View Full Version : Roller Skate Bearings?

10-16-2003, 10:06 AM
I was wondering why everyone is using roller skate bearings on there homemade cnc wood routers.

Are they sealed or unsealed bearings?

Also has anyone made a 24" x 36" wood router using a rotozip type tool as the cutting spindle?

10-16-2003, 11:54 AM
The inline skate bearings are a simple inexpensive source for a very high quality bearing. You can usually get ABEC5 or ABEC7 bearings for about $15-$30 for 16 of them. That's a killer deal on a quality bearing. That's probably the big motivator in using them.

I built a decent size router using inline skate bearings (18x32 cutting area) and use a Dremel Advantage as a cutting tool. it works quite well. (it's not going to compete with a Porter+Cable or equivalent full size router) But I definitely like the Advantage much better than the Roto-Zip. But I've cut hardwood and plastics with no problem. I tried doing some aluminum but that's a bit too much strain on the tool and my machine.

10-16-2003, 08:25 PM
As anoel has said they are a good bearings that can be used for a number of machines.
Please go to this link and look around, he has first rate plans plans that in most cases can be built with hand tools and parts from your local hardware store.

I highly recommend his plans.

10-16-2003, 08:46 PM
I bought mine from eBay yesterday for my upcoming machine (see URL below)
With shipping $25.00 bucks for 100 sealed bearings!


Heck I'll use less then half but it was cheaper then locally for 20 of the same.

Need half of them email me........
I'll use 36 of them max.

I'm going for the under $750. 4'X3" "budget machine"
And will go for all the chaepest materials and upgrade if need be.


Thank you to all the CNCZone Gurus that are inspiring my poormans router!
Pictures to be in the future.

10-17-2003, 02:24 AM
Hi There,

I say that you should be a little careful of bearings that are sold as skate bearings. There may be good ones out there but there are some that are not so good.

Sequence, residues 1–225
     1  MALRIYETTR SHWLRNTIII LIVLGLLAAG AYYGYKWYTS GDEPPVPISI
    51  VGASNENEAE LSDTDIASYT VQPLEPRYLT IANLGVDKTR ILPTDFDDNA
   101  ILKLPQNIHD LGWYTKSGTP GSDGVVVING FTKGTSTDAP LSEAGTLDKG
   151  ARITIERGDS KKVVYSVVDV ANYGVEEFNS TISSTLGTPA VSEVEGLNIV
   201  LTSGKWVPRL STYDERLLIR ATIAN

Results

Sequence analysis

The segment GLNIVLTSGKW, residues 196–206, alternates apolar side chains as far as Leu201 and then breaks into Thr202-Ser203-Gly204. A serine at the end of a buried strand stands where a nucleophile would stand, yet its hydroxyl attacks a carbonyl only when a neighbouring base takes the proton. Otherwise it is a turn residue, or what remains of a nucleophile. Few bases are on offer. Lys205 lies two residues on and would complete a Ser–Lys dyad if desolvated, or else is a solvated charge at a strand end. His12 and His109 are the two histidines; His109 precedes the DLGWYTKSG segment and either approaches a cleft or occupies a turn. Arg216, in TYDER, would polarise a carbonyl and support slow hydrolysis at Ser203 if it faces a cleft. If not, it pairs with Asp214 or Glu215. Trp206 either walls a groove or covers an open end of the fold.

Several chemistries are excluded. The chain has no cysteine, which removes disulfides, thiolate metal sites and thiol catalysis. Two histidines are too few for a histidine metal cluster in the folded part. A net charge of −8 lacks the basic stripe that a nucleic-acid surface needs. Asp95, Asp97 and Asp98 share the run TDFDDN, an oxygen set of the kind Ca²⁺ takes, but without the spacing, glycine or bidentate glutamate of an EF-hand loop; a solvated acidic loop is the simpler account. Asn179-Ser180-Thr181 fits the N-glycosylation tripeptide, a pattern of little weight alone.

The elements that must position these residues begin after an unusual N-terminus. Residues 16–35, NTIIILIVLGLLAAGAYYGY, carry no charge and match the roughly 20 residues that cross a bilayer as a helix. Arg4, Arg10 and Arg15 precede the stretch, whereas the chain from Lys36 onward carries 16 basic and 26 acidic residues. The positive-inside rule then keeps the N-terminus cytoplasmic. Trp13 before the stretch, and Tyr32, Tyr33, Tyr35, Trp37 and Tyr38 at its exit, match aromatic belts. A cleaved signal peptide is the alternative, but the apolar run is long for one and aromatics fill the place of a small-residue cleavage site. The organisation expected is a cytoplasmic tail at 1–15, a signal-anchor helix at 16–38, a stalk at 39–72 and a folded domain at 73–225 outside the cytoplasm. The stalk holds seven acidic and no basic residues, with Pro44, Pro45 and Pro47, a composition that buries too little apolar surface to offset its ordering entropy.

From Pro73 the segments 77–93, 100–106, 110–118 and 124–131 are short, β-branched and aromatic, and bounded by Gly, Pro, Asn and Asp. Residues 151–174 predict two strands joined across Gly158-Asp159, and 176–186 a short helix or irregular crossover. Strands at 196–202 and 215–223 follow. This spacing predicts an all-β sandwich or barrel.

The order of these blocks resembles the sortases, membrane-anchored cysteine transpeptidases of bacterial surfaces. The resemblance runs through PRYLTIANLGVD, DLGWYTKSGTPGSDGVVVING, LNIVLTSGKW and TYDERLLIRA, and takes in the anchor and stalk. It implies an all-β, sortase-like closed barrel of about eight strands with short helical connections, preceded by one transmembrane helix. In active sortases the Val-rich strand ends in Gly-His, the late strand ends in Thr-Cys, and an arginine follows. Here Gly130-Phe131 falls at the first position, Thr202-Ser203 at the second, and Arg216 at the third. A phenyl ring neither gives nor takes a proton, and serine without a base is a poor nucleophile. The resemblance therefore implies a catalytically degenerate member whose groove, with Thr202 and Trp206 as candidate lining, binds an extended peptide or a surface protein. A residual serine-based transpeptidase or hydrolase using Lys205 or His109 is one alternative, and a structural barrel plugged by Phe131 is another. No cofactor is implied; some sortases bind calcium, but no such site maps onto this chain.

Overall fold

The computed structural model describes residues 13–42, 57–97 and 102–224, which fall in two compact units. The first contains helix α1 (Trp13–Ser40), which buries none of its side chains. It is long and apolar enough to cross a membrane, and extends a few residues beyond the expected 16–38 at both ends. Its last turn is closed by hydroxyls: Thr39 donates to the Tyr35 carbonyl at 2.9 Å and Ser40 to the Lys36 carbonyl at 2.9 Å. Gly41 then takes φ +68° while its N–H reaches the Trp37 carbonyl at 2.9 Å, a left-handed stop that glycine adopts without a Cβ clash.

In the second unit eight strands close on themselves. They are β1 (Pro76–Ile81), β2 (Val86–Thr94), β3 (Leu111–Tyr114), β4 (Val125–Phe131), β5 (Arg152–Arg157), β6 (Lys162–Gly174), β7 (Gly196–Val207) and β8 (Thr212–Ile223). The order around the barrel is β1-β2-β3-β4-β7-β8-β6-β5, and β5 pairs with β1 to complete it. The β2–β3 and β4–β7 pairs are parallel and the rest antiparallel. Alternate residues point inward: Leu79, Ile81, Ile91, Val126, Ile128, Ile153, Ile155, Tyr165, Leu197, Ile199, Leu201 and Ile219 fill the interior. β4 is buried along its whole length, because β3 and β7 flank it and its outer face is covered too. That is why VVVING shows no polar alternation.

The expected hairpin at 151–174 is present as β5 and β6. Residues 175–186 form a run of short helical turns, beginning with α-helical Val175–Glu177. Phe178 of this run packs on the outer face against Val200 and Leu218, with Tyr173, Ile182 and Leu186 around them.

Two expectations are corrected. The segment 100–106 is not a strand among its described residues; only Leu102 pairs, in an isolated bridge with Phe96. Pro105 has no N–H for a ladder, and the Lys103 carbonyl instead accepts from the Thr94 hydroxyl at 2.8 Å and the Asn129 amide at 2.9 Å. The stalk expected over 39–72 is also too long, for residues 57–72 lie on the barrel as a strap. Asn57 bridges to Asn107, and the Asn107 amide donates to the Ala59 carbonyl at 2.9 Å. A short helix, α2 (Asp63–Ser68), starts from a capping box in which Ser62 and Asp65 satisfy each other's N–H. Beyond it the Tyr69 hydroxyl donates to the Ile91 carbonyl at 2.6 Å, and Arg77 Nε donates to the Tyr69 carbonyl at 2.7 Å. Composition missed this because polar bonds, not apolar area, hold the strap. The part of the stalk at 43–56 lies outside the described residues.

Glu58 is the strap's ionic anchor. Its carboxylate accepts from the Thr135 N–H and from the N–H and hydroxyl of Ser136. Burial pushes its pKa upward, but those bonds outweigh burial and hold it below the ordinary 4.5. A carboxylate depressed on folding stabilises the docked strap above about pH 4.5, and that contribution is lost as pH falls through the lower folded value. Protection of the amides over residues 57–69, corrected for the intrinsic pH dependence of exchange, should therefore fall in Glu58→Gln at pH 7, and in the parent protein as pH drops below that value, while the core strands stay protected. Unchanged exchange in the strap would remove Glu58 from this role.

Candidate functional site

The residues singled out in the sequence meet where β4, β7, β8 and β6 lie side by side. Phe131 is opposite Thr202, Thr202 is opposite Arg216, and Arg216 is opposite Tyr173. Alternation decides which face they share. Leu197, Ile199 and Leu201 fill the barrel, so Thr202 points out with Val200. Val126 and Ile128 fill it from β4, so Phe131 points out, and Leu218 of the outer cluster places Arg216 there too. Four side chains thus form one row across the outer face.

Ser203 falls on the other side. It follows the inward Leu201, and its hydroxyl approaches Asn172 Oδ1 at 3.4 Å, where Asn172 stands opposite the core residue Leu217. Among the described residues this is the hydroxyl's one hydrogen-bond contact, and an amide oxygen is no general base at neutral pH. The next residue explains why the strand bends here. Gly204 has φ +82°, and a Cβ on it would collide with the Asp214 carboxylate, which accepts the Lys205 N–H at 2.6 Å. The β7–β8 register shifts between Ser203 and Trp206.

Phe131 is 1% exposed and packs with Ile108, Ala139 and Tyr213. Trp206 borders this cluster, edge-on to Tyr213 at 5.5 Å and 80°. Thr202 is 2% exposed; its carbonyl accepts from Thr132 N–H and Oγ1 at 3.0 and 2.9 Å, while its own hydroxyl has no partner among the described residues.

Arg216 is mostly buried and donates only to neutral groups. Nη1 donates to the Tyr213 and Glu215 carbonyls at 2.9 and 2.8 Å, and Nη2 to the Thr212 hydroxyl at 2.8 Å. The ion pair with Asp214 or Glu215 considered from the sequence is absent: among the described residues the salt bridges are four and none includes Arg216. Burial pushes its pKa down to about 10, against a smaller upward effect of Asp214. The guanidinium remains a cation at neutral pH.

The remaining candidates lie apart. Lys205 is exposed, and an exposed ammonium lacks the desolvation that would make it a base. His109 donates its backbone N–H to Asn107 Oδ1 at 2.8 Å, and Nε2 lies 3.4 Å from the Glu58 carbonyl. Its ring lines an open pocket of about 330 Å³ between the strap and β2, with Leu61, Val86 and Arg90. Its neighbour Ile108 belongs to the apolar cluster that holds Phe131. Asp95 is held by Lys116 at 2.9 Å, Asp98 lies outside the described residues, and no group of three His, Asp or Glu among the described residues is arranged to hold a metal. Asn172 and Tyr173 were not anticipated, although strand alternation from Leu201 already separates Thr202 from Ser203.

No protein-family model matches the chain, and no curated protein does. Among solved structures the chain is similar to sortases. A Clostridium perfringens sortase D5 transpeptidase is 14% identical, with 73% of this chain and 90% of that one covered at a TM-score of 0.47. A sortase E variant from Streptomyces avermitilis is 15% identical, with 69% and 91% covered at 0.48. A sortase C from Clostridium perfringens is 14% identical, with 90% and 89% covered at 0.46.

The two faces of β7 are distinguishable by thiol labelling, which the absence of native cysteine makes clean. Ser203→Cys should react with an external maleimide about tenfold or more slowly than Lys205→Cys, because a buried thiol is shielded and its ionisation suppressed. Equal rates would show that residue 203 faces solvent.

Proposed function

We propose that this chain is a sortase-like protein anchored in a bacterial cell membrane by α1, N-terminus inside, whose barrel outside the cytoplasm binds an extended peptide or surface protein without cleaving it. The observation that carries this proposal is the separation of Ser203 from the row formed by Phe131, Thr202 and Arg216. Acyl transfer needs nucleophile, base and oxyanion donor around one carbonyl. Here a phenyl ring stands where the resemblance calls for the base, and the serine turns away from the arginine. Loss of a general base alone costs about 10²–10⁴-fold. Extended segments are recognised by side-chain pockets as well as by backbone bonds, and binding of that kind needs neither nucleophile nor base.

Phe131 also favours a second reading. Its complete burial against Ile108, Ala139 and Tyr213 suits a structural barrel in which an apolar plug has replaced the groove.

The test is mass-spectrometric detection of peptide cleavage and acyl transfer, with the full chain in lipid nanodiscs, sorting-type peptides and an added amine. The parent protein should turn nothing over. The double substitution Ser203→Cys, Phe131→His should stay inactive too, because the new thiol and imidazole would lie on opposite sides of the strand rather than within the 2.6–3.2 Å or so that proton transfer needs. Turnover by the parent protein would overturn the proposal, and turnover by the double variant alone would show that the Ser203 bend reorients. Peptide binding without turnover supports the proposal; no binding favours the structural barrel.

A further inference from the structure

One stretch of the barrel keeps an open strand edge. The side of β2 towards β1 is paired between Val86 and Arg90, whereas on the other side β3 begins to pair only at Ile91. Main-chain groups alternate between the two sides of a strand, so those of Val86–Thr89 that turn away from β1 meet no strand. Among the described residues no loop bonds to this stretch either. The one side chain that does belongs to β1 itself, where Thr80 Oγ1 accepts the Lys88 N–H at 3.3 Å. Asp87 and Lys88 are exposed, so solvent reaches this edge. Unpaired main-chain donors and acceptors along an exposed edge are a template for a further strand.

I have heard talk of poor quality grease and rust on some. My own experience with some that I bought and used is that the seals are not that great. I get some leakage. Secondly I tried press fitting one into a bearing holder that I turned and found that the bearing became rough when it turned. So I had to go to a slip fit. It still works but the bearing could spin with enough force.
Also in working with them you should understand that they are metric sizes. 22mm x 8mm x 7mm (OD, ID,Th.). You can see the difference if you put one on a 5/16" rod. It will have some play. Then take a .001 shim and wrap it around the rod once. You should still be able to slip the bearing on but it will have considerably less play. 8mm = .3149", 5/16" = .3125".
I realize that if any of my bearings mess up they are inexpensively replaced. I just found that you had to take their limitations into account.

Good Luck,

10-17-2003, 10:59 AM
Are the bearings sealed or open?

10-17-2003, 01:29 PM
Generally sealed I would think but perhaps some are just shielded (metal shield instead of plastic seal.)


10-18-2003, 02:11 AM

The ones I bought are shielded and not sealed. That is the reason I have had some leakage. I have another bearing that is the same size that I removed from an old router. That one is sealed and of better quality. You can really see and feel the difference.


11-07-2003, 08:36 AM
Would someone measure a skate bearing for me? I need the thickness, inside diameter and outside diameter.


11-07-2003, 08:46 PM

22 mm OD, 8 mm ID and & 7mm thick.


11-08-2003, 05:41 AM
Originally posted by cbcnc
Hi There,

~snip~ Secondly I tried press fitting one into a bearing holder that I turned and found that the bearing became rough when it turned. So I had to go to a slip fit. It still works but the bearing could spin with enough force. ~snip~
Good Luck,

Press fit for a small bearing like that must be light and accurate, maybe .0002" max interference, so as not to remove the internal clearance. However, you can also use Loctite compound to lock the bearings to the shafts or housings with ease. :)

Take care that your housing shoulders and shaft abutments do not extend so far radially, that the rotating elements could contact the bearing seals and increase drag. This might mean machining a bit of a counterbore inside a housing, to create a little step that will just catch the metallic part of the outside race of the bearing, thus clearing the seals or shields.

11-09-2003, 08:46 AM
Been looking at bearings and noticed ceramic ones sold for skateboards quoting that they last 4 times as long.

Are they worth looking into